The deliberately outrageous idea of arming classroom teachers is nothing more than a distraction, a ploy by the gun lobby to buy time for passions to cool. Don’t get sidetracked. Keep the focus where it belongs — on keeping military-style assault rifles out of civilian hands.
President Trump has touted the idea, but he tipped the NRA-GOP hand on Saturday with a tweet: “Armed Educators (and trusted people who work within a school) love our students and will protect them. Very smart people. Must be firearms adept & have annual training. Should get yearly bonus. Shootings will not happen again — a big & very inexpensive deterrent. Up to States.”
“Up to States” means abdicating the federal government’s responsibility and urging state legislatures to waste time and effort debating whether to mandate that instruments of death be introduced to classrooms. Are parents going to be confident the gun is securely locked away and that no student will ever get his hands on it? That, in an emergency, the teacher would know how to use it? That an assailant wouldn’t simply shoot the teacher first?
According to the New York Times, police officers in the nation’s largest city — men and women who are highly trained and periodically tested for firearms proficiency — hit their targets only a third of the time. During actual gunfights, the paper reported, officers’ accuracy drops as low as 13 percent. The idea that teachers would somehow do any better is ludicrous, as is the idea that most teachers and their powerful unions would agree to such a horribly bad idea.
The fact that the GOP and the gun lobby are pushing this nonstarter is proof of how worried they are that the massacre in Parkland, Fla., has the potential to provoke real change. It is not so much that Republicans would enact sensible gun control, but that voters might replace them with Democrats who will.
That is why NRA chief executive Wayne LaPierre spent much of a foaming-at-the-mouth speech on Thursday making the insane claim that Democrats, if elected, will impose some kind of socialist tyranny. “You should be anxious, and you should be frightened,” he warned at the annual meeting of the Conservative Political Action Conference. Please, oh please, he wants you to be frightened.
“If they seize power, if these so-called European socialists take over the House and the Senate and, God forbid, they get the White House again, our American freedoms could be lost and our country will be changed forever,” LaPierre implored. “The first to go will be the Second Amendment.” LaPierre charged that Democrats “want more restrictions on the law-abiding,” which is an odd way to describe school shooters.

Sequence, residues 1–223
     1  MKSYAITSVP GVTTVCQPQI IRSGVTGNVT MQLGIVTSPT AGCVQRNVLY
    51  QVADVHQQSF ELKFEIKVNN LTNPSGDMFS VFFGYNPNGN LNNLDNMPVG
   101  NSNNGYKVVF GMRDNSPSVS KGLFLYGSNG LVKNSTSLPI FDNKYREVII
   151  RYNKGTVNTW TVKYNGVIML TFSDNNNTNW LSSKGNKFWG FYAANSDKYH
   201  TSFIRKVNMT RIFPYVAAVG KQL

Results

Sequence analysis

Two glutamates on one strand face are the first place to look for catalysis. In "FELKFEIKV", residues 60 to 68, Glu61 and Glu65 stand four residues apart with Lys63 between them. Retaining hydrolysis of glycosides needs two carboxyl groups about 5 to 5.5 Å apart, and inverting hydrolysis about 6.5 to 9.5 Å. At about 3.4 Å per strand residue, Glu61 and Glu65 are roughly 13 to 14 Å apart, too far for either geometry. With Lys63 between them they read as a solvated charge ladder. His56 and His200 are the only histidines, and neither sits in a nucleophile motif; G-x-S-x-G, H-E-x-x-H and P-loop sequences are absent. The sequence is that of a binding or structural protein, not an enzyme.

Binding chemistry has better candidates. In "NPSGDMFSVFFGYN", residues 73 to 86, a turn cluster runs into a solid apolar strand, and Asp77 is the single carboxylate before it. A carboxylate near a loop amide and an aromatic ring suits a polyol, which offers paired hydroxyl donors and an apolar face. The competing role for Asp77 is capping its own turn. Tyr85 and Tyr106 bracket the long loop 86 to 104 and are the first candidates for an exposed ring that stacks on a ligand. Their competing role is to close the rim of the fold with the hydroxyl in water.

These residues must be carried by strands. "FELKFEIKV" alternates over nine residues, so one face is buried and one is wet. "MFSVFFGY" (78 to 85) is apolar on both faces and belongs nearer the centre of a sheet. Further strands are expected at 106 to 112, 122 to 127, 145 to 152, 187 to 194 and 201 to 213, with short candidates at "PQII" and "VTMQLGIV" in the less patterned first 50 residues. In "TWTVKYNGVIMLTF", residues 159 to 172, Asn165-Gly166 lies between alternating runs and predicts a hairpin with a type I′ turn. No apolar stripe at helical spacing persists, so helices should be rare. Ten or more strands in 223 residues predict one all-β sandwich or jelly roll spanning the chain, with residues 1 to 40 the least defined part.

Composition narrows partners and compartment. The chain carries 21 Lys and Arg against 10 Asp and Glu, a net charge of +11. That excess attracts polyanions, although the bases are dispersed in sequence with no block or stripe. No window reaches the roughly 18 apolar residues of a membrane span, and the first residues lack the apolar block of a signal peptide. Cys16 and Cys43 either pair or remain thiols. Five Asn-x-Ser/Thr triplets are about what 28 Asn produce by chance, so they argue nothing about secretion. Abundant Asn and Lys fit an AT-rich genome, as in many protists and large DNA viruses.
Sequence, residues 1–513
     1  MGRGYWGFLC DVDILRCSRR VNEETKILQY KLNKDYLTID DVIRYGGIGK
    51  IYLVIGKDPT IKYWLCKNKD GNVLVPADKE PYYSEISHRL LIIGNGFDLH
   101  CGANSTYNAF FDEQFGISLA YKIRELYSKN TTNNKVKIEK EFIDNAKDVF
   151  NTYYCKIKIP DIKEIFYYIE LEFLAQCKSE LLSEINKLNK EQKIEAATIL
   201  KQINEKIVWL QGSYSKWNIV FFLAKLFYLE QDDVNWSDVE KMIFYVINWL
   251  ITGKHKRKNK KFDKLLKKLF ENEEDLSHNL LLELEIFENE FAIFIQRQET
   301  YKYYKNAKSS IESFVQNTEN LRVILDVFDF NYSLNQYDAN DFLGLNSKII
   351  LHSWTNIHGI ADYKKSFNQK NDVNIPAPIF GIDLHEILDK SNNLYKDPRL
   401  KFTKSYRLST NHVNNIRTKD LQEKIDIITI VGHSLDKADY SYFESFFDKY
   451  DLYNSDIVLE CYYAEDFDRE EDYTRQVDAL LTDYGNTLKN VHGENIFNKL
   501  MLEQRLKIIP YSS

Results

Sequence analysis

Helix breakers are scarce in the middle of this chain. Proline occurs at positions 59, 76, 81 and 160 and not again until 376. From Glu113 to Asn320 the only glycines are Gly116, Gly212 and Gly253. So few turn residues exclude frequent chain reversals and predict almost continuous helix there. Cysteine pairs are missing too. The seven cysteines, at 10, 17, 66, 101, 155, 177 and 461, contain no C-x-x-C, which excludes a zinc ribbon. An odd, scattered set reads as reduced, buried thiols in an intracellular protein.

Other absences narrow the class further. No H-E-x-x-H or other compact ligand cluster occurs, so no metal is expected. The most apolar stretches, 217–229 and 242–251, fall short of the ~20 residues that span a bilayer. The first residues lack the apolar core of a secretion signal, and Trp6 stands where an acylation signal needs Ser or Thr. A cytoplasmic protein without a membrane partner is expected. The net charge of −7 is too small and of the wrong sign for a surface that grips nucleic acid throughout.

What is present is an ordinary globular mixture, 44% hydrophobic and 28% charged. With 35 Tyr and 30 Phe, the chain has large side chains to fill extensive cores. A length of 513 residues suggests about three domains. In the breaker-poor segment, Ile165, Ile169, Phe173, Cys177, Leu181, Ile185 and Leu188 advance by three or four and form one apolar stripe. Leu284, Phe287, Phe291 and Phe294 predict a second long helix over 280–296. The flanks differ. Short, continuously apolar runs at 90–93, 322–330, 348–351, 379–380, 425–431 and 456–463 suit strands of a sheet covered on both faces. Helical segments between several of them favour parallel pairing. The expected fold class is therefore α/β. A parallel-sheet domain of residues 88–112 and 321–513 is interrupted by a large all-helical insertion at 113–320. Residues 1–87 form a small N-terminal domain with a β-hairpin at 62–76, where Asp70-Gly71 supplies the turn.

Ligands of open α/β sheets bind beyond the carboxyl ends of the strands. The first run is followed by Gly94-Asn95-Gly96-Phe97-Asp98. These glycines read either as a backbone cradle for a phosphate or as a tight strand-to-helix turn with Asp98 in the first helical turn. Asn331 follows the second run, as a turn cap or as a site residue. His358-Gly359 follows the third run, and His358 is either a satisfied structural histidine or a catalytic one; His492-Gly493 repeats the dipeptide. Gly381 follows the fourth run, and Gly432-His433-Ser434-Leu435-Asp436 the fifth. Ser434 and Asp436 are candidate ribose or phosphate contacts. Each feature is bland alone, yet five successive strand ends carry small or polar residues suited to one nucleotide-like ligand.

The unhinged LaPierre wildly lobbed every cultural and racial grenade he could get his hands on. He railed against Black Lives Matter, the FBI, George Soros, college professors — and the media. Because, I guess, when a young man with an AR-15 walks into a high school and kills 17 students and faculty members, we write about it.
NRA spokeswoman Dana Loesch, during her CPAC speech, was equally shrill and desperate. “Many in legacy media love mass shootings,” she said, despicably. “Crying white mothers are ratings gold to you.”
All this squealing can mean only that the NRA and Republicans think they’re in trouble. The usual playbook for dodging an actual debate about gun control isn’t working.
Gov. Rick Scott (R-Fla.), who has an A-plus rating from the NRA, has come out in favor of raising the minimum age for gun purchases from 18 to 21. Some other Republicans agree. That would be one tiny step in a long journey toward sanity, but the NRA’s strategy is never to give an inch. It would be a disaster for the gun lobby if Republicans began heeding public opinion on guns — which, according to a new USA Today poll, favors a ban on assault weapons by a 2-to-1 margin.
With the Parkland students continuing to speak and inspire, could common-sense gun control be the issue that turns expected Democratic gains this November into a historic wave? That’s up to you. Ignore all distractions, and keep your eyes on the prize.
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